Well, I think the way that they’ve done it is that they’ve tried to kick the ball down the field. You have to have a realistic assessment of what the global age is going to require and when you look at it, in the past, in the industrial age…there was kind of a deal struck. The corporations would pick up some of the future pensions and health care benefits of employees and the government would fill in the gaps to maintain social order and a social safety net. With globalization, what we’re finding is that companies tend to become more multi-national and virtual in their headquarters. The result is that the paradigm between splitting the pensions and health care benefits between the private sector and public sector is breaking down.

What we would argue as Republicans is that you start from the fundamental premise is how you empower Americans to take care of their own needs in the future so that they do not become governmental dependents. That’s a fundamental debate we’re having with the Democratic Party.

…So, we want to take the premise of “how do you empower people to control their own destiny” and apply it to entitlement programs that were set up under the entitlement programs of Lyndon Johnson…and Franklin Roosevelt, where they firmly believed they could do it with the government on a limited basis because the private entities would also be there as a safety net…that’s gone. So, we’re trying to look at it through an entirely new prism.

John McCain is advocating a “one-year pause in discretionary spending growth that should be used for a top-to-bottom review of the effectiveness of federal programs.” You think that’s something Republicans in the House should support?

I think it’s great, especially in the sense that the FIT task force is kind of getting a head start on that so that we will be able to come in with ideas to help the McCain Administration as they freeze spending and get it up and running.

…McCain’s right. Unless you figure out what’s going on, you’re going to see the Democrats continue to tempt people to give away their liberty and prosperity in return for government benefits and that has to stop. I think that the one year McCain freeze on discretionary spending can be very helpful to let Americans realize what the real choice is between parties. It’s either that their future will be moving towards individual liberty, empowerment, and prosperity or towards government dependency.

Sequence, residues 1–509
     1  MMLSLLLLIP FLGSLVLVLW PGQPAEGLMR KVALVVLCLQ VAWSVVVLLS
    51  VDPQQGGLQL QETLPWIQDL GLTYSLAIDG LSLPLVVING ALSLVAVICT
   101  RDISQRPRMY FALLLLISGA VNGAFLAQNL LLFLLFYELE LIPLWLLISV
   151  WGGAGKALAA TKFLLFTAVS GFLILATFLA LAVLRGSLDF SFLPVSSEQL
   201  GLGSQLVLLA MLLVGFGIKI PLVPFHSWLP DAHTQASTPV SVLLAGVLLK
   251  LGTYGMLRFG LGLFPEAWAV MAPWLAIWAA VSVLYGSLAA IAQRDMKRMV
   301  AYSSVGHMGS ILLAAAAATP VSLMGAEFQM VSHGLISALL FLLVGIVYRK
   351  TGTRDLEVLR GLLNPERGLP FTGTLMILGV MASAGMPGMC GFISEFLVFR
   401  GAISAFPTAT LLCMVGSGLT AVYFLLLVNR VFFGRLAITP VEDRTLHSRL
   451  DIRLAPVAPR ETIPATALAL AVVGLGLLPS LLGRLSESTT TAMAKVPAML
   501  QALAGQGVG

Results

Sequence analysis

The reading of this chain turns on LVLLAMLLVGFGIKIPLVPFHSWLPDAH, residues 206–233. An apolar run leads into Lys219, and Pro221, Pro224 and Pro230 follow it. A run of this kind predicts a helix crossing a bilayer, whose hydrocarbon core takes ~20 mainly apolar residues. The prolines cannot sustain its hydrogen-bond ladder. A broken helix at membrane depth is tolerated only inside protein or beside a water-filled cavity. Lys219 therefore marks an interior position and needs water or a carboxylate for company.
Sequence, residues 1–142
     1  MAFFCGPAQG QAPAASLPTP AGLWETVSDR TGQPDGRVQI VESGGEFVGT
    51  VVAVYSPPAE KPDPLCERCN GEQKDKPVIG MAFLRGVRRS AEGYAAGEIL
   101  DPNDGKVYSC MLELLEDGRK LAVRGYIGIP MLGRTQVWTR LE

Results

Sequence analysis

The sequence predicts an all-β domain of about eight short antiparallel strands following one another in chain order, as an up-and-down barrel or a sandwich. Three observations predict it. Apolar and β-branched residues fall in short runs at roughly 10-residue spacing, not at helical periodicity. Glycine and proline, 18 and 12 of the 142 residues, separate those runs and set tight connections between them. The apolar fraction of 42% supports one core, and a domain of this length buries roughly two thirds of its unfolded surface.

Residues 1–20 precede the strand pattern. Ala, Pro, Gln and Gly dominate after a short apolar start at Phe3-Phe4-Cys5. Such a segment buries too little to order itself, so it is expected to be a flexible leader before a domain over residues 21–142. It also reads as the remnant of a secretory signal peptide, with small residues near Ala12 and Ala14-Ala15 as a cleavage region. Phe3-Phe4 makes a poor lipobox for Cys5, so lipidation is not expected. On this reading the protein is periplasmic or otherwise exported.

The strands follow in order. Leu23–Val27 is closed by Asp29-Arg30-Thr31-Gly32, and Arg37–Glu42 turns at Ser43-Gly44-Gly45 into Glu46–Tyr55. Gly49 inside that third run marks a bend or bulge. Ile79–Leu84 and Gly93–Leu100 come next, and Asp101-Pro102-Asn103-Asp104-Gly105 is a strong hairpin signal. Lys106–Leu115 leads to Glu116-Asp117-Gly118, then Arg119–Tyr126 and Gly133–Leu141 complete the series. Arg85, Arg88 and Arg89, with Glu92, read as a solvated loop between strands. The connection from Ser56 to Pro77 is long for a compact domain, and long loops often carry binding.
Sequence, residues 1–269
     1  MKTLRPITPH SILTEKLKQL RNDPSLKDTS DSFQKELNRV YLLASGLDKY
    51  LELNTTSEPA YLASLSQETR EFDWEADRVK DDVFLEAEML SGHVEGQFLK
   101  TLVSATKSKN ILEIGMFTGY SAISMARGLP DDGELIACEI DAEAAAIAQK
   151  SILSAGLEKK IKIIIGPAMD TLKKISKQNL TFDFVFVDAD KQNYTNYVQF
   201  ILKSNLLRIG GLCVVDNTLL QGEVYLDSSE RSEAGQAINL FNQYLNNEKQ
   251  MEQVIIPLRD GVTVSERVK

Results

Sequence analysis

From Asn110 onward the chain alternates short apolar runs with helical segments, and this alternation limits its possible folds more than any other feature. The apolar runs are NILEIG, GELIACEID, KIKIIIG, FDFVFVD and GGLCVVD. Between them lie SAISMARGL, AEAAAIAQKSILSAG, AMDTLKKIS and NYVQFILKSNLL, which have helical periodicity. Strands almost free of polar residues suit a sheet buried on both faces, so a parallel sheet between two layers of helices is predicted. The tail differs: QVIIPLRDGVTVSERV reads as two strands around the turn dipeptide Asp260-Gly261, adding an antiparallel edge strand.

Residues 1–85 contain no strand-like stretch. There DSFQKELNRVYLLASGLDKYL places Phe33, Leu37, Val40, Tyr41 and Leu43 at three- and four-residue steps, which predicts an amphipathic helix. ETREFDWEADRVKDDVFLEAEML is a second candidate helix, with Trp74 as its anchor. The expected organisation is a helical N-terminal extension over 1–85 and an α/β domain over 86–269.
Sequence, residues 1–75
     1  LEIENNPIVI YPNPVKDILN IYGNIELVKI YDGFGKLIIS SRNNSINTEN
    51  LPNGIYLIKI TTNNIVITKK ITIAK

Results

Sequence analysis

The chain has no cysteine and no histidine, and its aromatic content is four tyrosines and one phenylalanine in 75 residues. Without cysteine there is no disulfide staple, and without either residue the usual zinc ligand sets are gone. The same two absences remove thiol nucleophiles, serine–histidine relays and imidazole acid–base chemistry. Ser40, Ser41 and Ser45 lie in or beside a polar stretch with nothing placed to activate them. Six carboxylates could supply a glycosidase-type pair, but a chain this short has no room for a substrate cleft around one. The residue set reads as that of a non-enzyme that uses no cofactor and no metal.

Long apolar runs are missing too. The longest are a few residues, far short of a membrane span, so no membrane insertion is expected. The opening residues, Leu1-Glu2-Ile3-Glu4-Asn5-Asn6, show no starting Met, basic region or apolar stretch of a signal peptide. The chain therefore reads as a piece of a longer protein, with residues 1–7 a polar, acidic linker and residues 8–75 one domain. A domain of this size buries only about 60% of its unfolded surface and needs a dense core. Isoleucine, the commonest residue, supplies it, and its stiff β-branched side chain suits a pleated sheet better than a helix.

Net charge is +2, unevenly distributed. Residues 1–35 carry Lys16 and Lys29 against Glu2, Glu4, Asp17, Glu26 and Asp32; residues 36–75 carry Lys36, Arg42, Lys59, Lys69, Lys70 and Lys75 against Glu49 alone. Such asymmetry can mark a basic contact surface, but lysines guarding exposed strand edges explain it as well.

Another McCain proposal is that it should “require a 3/5 majority vote in Congress to raise taxes.” You think the GOP would support that overwhelmingly?

Absolutely. We’re reaching a very dangerous point. I think the Christian Science monitor reported (that more than half of Americans receive significant revenue from the federal government). Also, you see studies that show half of all federal tax filers only pay 3.5% of revenues. If you reach a point where people consider higher taxes a boon rather than a burden, our entire exercise in self-government and our free republic is going to be in danger. I would argue that the harder you make it for the government to take what you make, the better off you’re going to be.

Pushing a Balanced Budget Amendment would send a powerful signal about the GOP’s seriousness on fiscal conservatism. Is that something you think might happen?

Absolutely. There are people who say that it will never happen. But, we live in a country that has seen the Constitution amended so that slavery has been abolished, so that women have the right to vote, and I think those were a lot harder things to do than to just ask politicians not to waste your money and run up deficits…We always hear arguments from people about how something can’t be done, but if we would have listened to that, we’d probably still have 13 colonies.

What issues do you think the pundits and bloggers are not spending enough time on in the spending front?

I think that they’re doing it pretty well, but I always like to point out one fundamental thing: the Democrats told us Washington spent too much money, they got elected, and then they immediately spent more.

So, I think what would be helpful is if people had instances or ideas about government spending that they wanted to send to the Fiscal Integrity Task Force, send them to the House Policy Website or post them, because we check the blogs. Give your ideas to us; now’s a great time! Also, …if they think their Congressman would be a good member of a FIT task force, encourage them to join us. The more the merrier…